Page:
Nasa is partnering with a commercial space company in a bid to replace the cumbersome "metal cans" that serve as astronauts' homes in space with inflatable bounce-house-like habitats that can be deployed on the cheap.
A 17.8 million dollar test project will send an inflatable room that can be compressed for delivery into a 7-foot (2m) tube to the International Space Station, officials said during a news conference at North Las Vegas-based Bigelow Aerospace.
The agency chose Bigelow for the contract because it was the only company working on the inflatable technology, said Nasa Deputy Administrator Lori Garver. Founder and president Robert Bigelow, who made his fortune in the hotel industry and framed the space station gambit as an out-of-this-world real estate venture, also hopes to sell his inflatable habitats to scientific companies and wealthy adventurers looking for space hotels.
Nasa is expected to install the 10-foot (3m)-diameter, blimp-like module by 2015 at the space station. In 2016, Bigelow plans to begin selling inflatable space stations to countries looking to increase their presence in space.
Mr Miller said the new technology provides more room than existing options, and is quicker and cheaper to build. Once inflated, the habitat will be safer than the aluminium modules now in orbit, he said.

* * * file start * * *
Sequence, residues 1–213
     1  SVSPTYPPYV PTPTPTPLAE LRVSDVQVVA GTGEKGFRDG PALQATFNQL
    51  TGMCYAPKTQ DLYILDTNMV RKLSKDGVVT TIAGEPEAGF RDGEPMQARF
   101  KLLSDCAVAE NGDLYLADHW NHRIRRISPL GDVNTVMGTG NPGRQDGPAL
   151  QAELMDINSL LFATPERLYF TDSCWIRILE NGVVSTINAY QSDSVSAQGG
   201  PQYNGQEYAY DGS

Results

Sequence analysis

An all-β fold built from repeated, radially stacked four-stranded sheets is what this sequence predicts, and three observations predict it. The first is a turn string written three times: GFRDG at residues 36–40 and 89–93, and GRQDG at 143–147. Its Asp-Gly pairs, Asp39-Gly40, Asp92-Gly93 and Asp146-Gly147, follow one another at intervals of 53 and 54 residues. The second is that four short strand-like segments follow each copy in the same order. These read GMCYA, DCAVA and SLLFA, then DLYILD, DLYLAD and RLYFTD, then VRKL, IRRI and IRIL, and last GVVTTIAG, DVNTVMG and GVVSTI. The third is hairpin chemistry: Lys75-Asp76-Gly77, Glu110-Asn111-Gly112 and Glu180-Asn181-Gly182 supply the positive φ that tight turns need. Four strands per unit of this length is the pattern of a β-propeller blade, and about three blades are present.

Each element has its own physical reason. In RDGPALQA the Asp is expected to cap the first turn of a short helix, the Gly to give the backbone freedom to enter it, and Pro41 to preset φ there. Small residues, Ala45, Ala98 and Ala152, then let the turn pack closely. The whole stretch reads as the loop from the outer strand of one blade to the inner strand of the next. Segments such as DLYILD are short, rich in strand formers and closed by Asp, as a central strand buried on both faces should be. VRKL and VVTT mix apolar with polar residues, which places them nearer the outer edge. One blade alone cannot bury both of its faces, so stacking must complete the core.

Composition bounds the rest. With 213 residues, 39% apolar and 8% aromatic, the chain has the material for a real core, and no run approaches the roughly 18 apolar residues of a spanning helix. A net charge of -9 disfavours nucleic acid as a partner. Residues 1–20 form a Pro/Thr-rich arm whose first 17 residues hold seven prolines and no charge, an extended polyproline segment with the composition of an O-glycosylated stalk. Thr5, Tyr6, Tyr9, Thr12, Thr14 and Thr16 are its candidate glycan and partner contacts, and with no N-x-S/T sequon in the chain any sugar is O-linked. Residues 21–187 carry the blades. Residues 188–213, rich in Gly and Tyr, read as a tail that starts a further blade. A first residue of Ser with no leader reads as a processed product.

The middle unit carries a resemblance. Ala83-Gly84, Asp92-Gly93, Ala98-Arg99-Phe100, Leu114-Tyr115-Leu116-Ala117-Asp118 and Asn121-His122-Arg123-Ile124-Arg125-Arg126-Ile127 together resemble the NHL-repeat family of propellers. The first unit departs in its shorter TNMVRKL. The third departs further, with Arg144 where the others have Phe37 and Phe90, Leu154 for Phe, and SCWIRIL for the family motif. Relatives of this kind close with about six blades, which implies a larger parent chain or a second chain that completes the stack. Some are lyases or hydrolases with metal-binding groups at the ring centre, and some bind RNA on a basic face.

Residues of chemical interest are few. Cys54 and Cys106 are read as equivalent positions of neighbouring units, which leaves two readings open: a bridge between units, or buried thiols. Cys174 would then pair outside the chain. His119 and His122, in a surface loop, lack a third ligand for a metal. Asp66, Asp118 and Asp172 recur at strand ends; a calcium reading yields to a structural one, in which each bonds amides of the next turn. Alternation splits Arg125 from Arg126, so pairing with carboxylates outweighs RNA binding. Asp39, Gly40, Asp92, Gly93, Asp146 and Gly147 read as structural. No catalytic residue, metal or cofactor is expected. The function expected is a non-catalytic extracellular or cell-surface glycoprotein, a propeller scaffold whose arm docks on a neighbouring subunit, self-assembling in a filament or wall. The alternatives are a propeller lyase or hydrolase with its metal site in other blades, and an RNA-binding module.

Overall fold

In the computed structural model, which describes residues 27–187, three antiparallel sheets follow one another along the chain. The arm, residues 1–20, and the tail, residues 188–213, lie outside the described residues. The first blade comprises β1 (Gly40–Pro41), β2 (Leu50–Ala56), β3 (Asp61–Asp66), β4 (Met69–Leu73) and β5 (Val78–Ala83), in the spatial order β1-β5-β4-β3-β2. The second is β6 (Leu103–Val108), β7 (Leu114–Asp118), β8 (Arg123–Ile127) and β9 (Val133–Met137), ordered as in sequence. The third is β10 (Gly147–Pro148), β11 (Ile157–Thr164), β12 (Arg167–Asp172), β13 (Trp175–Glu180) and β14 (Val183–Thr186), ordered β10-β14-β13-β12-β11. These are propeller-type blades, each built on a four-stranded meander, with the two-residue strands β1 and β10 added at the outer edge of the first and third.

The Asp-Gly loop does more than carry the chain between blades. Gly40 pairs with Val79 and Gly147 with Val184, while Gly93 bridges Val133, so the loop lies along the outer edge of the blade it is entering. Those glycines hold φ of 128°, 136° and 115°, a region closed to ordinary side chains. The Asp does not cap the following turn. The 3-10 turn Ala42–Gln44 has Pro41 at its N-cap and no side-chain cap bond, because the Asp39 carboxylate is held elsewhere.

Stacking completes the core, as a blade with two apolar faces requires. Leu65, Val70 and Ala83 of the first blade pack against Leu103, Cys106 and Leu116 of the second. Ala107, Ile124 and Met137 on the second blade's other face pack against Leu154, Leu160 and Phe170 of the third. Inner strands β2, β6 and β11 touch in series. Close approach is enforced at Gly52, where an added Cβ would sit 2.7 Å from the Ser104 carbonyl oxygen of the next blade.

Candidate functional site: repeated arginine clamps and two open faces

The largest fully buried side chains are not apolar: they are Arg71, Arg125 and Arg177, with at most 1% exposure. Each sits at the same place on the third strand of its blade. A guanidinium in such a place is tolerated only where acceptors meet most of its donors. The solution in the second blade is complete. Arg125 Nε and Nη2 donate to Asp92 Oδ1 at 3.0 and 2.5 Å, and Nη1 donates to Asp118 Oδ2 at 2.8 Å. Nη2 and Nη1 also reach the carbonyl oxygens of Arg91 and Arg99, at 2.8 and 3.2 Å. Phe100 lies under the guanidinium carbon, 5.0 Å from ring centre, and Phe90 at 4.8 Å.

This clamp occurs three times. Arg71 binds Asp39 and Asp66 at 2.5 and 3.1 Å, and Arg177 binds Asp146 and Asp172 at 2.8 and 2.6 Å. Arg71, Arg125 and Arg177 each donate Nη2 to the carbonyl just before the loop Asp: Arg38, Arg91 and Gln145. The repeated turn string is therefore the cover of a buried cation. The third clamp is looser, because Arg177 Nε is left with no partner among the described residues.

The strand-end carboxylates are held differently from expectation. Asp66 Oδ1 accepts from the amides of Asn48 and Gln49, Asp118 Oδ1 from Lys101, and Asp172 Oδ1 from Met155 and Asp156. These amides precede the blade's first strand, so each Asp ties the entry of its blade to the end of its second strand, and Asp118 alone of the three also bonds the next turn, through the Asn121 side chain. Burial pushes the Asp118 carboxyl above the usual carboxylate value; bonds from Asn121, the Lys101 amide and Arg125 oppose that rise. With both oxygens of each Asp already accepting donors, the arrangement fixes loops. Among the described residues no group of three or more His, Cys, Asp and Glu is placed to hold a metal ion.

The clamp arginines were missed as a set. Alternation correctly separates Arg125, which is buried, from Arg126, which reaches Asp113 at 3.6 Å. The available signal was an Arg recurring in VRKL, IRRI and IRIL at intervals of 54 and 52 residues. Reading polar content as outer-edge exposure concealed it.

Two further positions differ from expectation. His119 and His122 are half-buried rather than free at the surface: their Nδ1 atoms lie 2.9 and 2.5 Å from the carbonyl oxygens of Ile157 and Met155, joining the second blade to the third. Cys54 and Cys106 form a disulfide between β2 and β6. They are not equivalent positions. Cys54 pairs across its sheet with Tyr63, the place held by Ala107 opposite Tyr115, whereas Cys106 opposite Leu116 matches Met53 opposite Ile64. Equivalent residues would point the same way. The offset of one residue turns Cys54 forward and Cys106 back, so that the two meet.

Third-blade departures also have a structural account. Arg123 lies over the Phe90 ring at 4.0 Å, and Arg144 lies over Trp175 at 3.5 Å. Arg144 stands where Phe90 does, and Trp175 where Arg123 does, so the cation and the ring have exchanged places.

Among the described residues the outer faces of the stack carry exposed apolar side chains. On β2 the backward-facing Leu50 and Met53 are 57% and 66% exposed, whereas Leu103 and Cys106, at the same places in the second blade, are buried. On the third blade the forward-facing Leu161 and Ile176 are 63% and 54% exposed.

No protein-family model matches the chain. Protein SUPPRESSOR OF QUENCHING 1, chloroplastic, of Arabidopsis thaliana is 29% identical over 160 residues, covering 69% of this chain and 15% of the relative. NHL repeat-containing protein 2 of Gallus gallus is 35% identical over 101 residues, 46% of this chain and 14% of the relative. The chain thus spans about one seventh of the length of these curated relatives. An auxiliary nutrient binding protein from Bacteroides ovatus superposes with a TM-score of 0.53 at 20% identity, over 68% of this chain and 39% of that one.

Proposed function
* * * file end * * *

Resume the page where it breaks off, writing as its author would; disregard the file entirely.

Artist renderings of the module resemble a large tinfoil clown nose stuck onto the main station. It is hardly large enough to be called a room. Mr Miller described it as a large closet with padded white walls and gear and gizmos strung from two central beams.
Nasa no longer enjoys the budget and public profile of its heyday. The agency outsourced rocket-building to private companies, retired it space shuttles in 2011 and now relies on Russian spaceships to transport American astronauts to and from the space station.
Ms Garver said it will be dramatically cheaper to spend a small inflatable tube into space than a full-sized module. Because the launch is the most expensive part of space exploration, she said, "the magnitude of the importance of this really can't be overstated."
Astronauts will test the habitat's ability to withstand heat, radiation, debris and other assaults. Some adventurous scientists might also try sleeping in it, Garver said.